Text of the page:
10 Must-See Artworks At The Art Institute Of Chicago
Sculpture of The Solitude of the Soul | Mahwesh Fatima
The Art Institute of Chicago is one of the most visited museums in the world, preserving some of art history’s oldest and most beloved masterpieces. We profile ten must-see works at his Chicago institution.
America Windows has lived at the Art Institute of Chicago since 1977. Russian-French Modernist artist Marc Chagall was an early Modernist, his aesthetic pulling from elements of Surrealism, Cubism, and Expressionism. He gifted this piece to Chicago because of his love for the city and its dedication to public art. America Windows features 36 hand-painted glass panel. This masterpiece runs 30 feet wide and eight feet high, each section showcasing a symbolic image from the realms of literature, theater, and dance.
America Windows | Mahwesh Fatima
Part of the Neoclassicism collection, this sculpture is sure to keep visitors intrigued. It has an essence of simplicity and integrity that tells its story. The idea behind Neoclassicism is that it is influenced by classical Greek and Roman sources, and European and American artists such as Toft have used this style to show appreciation, beauty, and aesthetic through their masterpiece. The Solitude of the Soul, a monumental sized sculpture with a marble frame, catches the attention of guests immediately in a room filled with Greek and Roman inspired sculptures. Toft explains his artwork’s story thusly: ‘however closely we may be thrown together by circumstances…we are unknown to each other.’
Sculpture of The Solitude of the Soul | Mahwesh Fatima
A masterpiece that is sure to light up any room, this oil canvas is beautiful because of the way these Greco-Roman gods are carefully placed around each other, and it has an interesting story to tell its visitors. Abraham Janssens describes his painting as such: ‘Venus clasps the hand of her son, Cupid, and lectures a scowling Jupiter, while the rest of the ancient gods crowd together on the clouds of Olympus.’ The reason for the dispute is unclear within the painting, but is evidently portrayed through Janssens’ way of making each figure in the painting engaged. Even from a distance, the striking colors and the body language of these gods will catch your eye.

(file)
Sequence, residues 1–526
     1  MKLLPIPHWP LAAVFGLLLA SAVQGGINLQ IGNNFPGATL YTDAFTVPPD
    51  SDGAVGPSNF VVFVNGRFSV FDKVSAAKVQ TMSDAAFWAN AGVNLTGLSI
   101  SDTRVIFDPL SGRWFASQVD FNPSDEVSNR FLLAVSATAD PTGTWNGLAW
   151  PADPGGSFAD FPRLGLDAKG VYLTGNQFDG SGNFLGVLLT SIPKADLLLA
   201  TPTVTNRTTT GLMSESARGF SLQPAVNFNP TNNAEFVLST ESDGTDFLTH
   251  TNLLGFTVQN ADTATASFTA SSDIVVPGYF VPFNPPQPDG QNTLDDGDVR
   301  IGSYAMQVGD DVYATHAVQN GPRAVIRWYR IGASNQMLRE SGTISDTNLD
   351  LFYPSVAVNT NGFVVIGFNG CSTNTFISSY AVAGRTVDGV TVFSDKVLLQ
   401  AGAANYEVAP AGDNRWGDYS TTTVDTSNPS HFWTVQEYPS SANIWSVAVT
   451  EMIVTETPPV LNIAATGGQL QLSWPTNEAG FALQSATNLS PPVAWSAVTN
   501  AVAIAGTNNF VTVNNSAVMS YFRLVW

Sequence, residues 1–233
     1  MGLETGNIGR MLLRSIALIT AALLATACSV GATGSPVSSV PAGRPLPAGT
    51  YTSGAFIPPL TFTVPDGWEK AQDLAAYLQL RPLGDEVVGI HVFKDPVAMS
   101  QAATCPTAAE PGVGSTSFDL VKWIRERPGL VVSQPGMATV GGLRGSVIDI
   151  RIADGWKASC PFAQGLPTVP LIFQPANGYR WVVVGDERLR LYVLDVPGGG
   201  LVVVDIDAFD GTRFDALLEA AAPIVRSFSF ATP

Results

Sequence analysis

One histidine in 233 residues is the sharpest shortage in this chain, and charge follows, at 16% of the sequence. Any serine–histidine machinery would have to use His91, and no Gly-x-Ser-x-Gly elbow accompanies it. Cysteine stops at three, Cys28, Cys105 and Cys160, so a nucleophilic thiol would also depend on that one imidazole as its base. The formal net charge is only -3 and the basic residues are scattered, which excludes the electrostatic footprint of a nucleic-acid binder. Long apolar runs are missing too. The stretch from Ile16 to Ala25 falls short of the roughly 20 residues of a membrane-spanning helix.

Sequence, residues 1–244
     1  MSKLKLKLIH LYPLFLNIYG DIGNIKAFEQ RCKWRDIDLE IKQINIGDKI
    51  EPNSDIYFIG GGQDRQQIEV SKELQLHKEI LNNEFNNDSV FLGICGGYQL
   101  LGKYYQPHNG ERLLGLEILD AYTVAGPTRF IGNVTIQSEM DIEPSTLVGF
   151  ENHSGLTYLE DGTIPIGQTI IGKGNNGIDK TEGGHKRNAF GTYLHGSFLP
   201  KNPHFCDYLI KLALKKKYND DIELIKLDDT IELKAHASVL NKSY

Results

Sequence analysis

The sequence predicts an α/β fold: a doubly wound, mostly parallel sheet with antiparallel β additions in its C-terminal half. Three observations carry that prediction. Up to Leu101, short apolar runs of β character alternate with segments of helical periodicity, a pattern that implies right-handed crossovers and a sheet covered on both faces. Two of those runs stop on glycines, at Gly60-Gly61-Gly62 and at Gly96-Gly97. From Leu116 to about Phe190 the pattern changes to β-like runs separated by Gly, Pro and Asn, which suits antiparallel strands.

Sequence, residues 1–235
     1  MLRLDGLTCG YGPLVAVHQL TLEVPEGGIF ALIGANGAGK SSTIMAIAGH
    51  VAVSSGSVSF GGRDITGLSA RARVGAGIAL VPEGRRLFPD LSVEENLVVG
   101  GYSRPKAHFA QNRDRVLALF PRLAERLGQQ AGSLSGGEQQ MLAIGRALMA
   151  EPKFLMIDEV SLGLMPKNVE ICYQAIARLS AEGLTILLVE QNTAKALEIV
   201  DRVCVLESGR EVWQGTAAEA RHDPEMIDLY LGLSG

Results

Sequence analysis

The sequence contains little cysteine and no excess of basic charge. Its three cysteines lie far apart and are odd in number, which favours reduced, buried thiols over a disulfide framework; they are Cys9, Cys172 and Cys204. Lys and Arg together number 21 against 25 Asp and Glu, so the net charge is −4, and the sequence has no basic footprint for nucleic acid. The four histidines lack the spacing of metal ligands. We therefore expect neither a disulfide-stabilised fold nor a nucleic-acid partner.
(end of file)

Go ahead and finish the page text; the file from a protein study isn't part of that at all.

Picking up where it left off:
Jupiter Rebuked by Venus Painting | Mahwesh Fatima
Visitors will be left speechless by the stunning pieces from the Islamic Art & Textile collection at the Art Institute, particularly the 13-foot wide Spandrel with Hunt Scene design from Iran. This magnificent spandrel is dated to the mid-17th century during the Safavid Dynasty. The impressive details, colors, and artistry show a glimpse into the creativity held by the Islamic Art world, making it a must-see at the museum.
Spandrel with Hunt Scene | Mahwesh Fatima
The Art Institute recently acquired a rare Hellenistic or Roman bronze sculpture 100 B.C.-A.D. 100, and they showcase these astonishing pieces in the ‘Dionysos Unmasked: Ancient Sculpture and Early Prints’ collection. By observing this sculpture up close, you will be able to notice how well preserved and ancient this masterpiece is. A classical relic of the Greek god Dionysos (god of wine and theater), this piece sparks guests’ interests because of its compelling story. Dionysos is known to be a god that can take many forms from which he could appeal to his audience, and at the Art Institute, this form of Dionysos appeals to art lovers!